Well the next church over, so to speak, was the three oratories in the gardens of S. Gregorio: S. Barbara, S. Andrea, S. Silvia from left to right; I'd expected three small buildings in a park, but they're three chapels of similar size and shape tied together by a shared façade. A man near the entrance to the compound sort of hustled me in, promising Guido Reni's and Domenichino's: this isn't my bag, but I wandered in dubiously, and inquired — he issued me a 5000₤ ticket — about the Roman tabernae, not visitable though; oh well I did the three chapels: S. Andrea has a marble slab surely dating back to St. Greg's time, with a later inscription commemorating his having regularly fed the poor on it. The info sheet had a serious typo ("e gentes" — ! — for "egentes") and when I pointed this out to my ticket-taker, this seems to have been the open-sesame to everything: it turns out he's the pro bono Director of the Oratories, and also the archivist at S. Mary Major; at any rate, Prof. (Francesco Maria) Amato set about cleaning up the place — which he described as a filthy mess of débris and trash in May when he took over — and tearing down some ivy, etc. At first he got flak from ecology types, but underneath the ivy he found Roman walls no one knew about — a piece of what appears to be the Servian walls — and they shut up. . . Anyway, he and a colleague, a young Albanian woman, also an archaeologist I think, have been doing cleaning, electrical installation, planting (they're working on an Albanian garden — there is a sign at the gate about the Sisters of Charity, and I later crossed several pairs of nuns in the blue-bordered white saris of Mother Teresa's order, so this all fits together), etc. all themselves; and the tabernae open officially to the public in a week or so —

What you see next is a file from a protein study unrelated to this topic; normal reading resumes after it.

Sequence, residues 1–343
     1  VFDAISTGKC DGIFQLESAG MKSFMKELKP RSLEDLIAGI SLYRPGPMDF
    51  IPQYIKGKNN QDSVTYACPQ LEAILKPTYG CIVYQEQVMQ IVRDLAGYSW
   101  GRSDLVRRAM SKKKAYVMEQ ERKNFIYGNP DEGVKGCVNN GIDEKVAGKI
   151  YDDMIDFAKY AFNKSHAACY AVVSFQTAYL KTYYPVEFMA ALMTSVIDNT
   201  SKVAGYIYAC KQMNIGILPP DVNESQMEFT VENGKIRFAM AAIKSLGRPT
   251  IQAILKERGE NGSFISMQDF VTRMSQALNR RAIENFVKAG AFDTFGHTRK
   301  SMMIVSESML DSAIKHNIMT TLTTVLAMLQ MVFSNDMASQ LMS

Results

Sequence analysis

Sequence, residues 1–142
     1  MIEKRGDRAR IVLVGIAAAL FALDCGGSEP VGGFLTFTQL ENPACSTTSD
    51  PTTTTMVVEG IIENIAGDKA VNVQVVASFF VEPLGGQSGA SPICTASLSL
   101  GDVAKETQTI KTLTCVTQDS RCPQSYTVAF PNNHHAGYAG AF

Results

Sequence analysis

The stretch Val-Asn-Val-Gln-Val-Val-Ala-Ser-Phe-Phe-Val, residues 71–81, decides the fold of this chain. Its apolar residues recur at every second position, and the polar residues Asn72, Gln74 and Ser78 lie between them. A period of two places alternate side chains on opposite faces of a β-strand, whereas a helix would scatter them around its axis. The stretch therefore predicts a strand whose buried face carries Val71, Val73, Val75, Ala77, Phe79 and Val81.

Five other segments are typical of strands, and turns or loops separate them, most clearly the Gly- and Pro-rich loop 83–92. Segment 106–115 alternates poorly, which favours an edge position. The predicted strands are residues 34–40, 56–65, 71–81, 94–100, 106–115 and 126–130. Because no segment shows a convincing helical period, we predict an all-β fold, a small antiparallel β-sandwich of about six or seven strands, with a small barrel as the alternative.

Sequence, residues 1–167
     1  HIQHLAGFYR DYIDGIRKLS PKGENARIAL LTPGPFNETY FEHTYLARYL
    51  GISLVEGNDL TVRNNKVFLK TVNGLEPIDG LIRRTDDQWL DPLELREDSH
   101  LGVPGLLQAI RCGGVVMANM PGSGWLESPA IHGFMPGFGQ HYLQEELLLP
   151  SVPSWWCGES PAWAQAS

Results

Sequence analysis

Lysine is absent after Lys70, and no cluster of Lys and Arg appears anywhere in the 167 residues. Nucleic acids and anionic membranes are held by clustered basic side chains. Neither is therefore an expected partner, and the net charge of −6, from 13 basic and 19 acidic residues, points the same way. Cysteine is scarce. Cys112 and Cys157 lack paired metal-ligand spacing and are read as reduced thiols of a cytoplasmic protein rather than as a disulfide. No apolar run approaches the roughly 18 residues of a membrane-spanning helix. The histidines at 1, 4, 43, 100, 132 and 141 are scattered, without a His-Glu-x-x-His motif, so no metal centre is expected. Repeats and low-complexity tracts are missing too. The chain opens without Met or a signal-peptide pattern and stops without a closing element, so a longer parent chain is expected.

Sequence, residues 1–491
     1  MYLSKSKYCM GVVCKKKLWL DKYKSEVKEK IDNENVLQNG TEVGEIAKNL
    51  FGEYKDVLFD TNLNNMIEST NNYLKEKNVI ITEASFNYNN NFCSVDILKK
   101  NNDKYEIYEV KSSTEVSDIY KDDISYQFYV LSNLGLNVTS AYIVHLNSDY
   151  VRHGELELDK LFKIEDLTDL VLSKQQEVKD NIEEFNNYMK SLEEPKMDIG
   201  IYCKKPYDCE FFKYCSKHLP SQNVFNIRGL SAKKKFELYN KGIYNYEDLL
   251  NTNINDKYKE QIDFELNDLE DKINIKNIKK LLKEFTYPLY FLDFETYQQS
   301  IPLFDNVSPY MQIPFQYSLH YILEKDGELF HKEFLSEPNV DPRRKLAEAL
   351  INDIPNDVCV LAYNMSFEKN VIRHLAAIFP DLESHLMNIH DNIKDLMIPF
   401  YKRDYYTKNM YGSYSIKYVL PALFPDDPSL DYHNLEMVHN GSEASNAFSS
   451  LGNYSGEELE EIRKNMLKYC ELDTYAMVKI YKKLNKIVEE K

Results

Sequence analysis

Anyway, I got a grand tour: Prof. Amato opened up the tabernae, which are admittedly peculiar and may very well be what he and others think they might be, and it's fascinating. He spoke of an epigraphical record found on the Palatine that mentions Christians meeting in the area to eat together and worship their god; of the tabernae looking perfectly ordinary on the outside, but inside, in one of the rooms, there is a complete set of white stone brackets which must have supported a ledge or benches — except at one end, nothing. At that end, an arched opening leads to a rectangular sunken area, which certainly does look like a baptismal pool. . . In sum, today I may have seen the earliest known place of Christian worship. (And then again, maybe not.) Whatever it is, it's also full of interesting brickwork, where the bricks instead of having the usual red stamps, have various patterns of dots. The whole business is being studied and there hasn't been anything published yet, so I was very surprised to be allowed to take pictures: having asked about publication and been told none yet, I was putting away my camera (which was slung around my neck in the best tourist fashion) but Prof. Amato volunteered his permission; since I'm no scholar, I only took 4 photos and will of course clear 'em with him before putting them online, although we'd been talking Web stuff and I got the impression he won't mind. (By way of thanks, I'm doing a translation review of the ghastly hash of an English translation of their brochure —)